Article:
Cyprus Mail
Opinion

Spare us the details

britain's prince harry listens to speakers during his visit to circus zambia in lusaka

I am very clear about my feelings towards Britain’s so-called ‘spare’ and his unpopular wife, the ‘Princess of Montecito’ as she has been reportedly dubbed by her Californian neighbours. Despite my conviction that Harry’s side of the story, given his history of mental health issues and the Royal Family’s propensity to sweep issues under the rug, may include some truth, I think the Sussexes’ public handling of private issues is utterly incorrect.

Perhaps another issue that must be addressed is timing. A few weeks before Harry’s grandfather, the Duke of Edinburgh, passed away, the Sussexes spoke candidly with Oprah about their struggles. This year, the notorious couple returned to the UK a few days before Queen Elizabeth II passed away, trailed by their Netflix crew who were filming for the planned documentary.

Meghan’s outright lies have been seen by the entire world. The duchess continues to embarrass herself by telling lies, particularly about the monarchy when the brief time she spent with her husband’s family does not even warrant a comprehensive global revelation, much less a best-selling biography that details Harry and Meghan’s actual relationship and life in the palace.

I will admit that I gave the Sussexes the benefit of the doubt when I read Finding Freedom over the summer. The book is full of petty complaints and an idealised portrayal of two affluent, unstable people who create their own problems, self-inflict their own misery, and act impulsively in every circumstance.

And if all of that were not enough, Harry’s candid memoir, which has already become a number one bestseller despite the fact that it has not even been released, has shocked the world ever since the book’s cover was revealed. It is said to be an emotionally stirring narrative for those who are eager to learn what life was really like for the prince growing up in the royal family.

The book, titled Spare, will centre on his personal journey from pain to healing, highlighting his military career, charity work, and meeting, falling in love, and marriage to Markle.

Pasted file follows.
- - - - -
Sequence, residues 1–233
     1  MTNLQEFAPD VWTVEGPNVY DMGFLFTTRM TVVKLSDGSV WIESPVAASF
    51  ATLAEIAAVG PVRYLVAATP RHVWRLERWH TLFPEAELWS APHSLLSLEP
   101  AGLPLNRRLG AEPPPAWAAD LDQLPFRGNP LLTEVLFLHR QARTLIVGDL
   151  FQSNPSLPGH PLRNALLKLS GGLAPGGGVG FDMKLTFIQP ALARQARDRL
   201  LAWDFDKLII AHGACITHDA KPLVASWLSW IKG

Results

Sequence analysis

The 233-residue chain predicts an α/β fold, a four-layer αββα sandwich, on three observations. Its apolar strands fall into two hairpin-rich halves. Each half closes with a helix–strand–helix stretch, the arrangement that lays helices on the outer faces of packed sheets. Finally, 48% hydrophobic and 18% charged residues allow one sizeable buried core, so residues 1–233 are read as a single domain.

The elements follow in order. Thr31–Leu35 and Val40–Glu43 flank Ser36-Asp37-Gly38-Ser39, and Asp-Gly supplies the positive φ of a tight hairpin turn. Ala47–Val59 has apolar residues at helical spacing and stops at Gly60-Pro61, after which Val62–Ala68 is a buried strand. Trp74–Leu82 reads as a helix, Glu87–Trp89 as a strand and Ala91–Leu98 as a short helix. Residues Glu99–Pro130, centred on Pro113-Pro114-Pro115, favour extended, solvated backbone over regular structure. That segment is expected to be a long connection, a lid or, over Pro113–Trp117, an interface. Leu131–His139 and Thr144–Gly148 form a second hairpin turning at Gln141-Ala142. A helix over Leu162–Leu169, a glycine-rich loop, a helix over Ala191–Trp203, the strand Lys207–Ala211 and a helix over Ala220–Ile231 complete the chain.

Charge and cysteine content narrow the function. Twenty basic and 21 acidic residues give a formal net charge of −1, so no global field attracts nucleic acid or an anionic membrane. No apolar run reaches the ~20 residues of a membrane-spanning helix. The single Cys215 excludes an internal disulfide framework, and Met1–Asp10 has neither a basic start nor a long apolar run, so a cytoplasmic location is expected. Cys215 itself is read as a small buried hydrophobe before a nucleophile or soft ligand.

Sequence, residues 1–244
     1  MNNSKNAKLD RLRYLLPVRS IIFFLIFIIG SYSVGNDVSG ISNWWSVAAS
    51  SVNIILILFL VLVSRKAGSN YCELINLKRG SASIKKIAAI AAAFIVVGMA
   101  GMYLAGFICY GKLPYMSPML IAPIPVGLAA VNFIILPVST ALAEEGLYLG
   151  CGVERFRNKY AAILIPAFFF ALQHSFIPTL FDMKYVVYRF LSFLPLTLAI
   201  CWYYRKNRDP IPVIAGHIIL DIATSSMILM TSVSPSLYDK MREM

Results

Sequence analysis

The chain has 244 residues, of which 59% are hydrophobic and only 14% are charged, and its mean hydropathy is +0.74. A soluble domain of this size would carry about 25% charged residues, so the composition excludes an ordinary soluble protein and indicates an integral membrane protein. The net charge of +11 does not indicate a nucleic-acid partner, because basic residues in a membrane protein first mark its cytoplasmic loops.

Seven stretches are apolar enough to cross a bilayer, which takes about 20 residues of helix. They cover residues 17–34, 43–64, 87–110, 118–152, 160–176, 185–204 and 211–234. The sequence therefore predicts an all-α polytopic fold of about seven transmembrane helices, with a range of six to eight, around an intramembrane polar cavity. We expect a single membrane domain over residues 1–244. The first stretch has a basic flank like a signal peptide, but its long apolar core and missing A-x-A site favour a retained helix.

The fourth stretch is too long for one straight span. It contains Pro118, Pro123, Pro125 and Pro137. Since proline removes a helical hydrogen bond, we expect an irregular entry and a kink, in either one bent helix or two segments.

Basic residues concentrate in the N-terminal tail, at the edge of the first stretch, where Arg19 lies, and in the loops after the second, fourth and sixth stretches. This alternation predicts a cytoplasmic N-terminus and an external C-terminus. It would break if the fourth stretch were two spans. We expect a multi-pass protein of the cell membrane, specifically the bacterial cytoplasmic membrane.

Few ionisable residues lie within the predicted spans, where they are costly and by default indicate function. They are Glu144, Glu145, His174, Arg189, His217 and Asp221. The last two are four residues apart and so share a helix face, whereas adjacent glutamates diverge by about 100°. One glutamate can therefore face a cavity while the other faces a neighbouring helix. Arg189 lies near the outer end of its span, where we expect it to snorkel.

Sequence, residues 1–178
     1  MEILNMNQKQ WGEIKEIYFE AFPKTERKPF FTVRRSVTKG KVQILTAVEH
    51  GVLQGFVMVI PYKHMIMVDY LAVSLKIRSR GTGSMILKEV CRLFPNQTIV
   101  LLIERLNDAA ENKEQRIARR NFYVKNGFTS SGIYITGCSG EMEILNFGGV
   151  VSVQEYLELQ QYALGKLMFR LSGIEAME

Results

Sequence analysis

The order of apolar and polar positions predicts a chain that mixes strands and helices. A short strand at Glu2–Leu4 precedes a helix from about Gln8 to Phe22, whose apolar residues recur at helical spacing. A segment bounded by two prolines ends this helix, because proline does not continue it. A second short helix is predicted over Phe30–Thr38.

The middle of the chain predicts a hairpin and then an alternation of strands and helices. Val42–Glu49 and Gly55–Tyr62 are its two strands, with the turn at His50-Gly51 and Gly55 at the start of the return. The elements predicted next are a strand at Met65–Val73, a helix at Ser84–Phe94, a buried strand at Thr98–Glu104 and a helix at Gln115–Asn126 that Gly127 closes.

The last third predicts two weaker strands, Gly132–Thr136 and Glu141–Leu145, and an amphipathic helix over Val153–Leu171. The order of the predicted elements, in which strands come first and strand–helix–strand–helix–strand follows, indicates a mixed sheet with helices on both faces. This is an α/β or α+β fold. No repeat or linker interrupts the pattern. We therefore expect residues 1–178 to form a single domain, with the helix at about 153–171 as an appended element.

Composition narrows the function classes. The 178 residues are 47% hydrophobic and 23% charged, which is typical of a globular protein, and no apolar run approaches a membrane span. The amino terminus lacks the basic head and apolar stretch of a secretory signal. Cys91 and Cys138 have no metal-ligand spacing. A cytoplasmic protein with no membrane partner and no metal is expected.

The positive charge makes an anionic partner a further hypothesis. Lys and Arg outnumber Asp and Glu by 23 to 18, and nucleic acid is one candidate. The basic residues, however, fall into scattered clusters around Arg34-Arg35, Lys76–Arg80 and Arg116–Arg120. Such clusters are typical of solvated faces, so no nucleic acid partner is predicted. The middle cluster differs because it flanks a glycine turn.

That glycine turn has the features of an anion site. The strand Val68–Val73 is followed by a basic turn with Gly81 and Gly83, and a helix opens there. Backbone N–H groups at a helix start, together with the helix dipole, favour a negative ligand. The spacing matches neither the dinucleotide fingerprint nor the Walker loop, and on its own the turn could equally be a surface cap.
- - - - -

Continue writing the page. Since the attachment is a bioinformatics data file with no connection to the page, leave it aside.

According to the press release, Spare will take readers immediately back to one of the most searing images of the 20th century: two young boys, two princes, walking behind their mother’s coffin as the world watched in sorrow, and horror. As Diana, Princess of Wales was laid to rest, billions watching wondered what the princes were thinking and feeling, and how their lives would play out from that point on.

“With its raw, unflinching honesty, Spare is a landmark publication full of insight, revelation, self-examination, and hard-won wisdom about the eternal power of love over grief,” or so the press release says.

The book’s controversial title is one the prince has had throughout his life.

Consuelo Vanderbilt, an American heiress who wed a British aristocrat in 1895, is credited with coining the phrase ‘the heir and a spare’ to describe her two sons. Over the past century, it has been frequently used to allude to members of the British royal family, with Princess Margaret frequently referred to as Queen Elizabeth’s spare and Prince Andrew (and occasionally Princess Anne) labelled as Charles’ spare. As he grew alongside his brother, the heir Prince William, Harry became aware of the label that was placed on him. However, one would never anticipate hearing the royal family use it in an official capacity.

Prince Harry’s eyes are the first feature on the cover that catch the attention. Centred, with a serious expression on his face and a fixed gaze on the viewer, it automatically sets the tone for the memoir.

A picture is worth 1,000 words, and those who run to the bookstores to buy a copy will presumably be treated to yet another pitiful Oprah-style whinging session about a person who was born into great privilege and will never be able to tell the difference between the real world and one of immense wealth.

Pre-existing opinions about the Sussexes and/or the royal family will probably determine if sympathy is felt for the prince or not. However, the book might, nonetheless, prompt wonder about what it is like to be characterised as spare. I, for one, will not be reading the book or contributing to Harry’s personal kitty for lavish survival.

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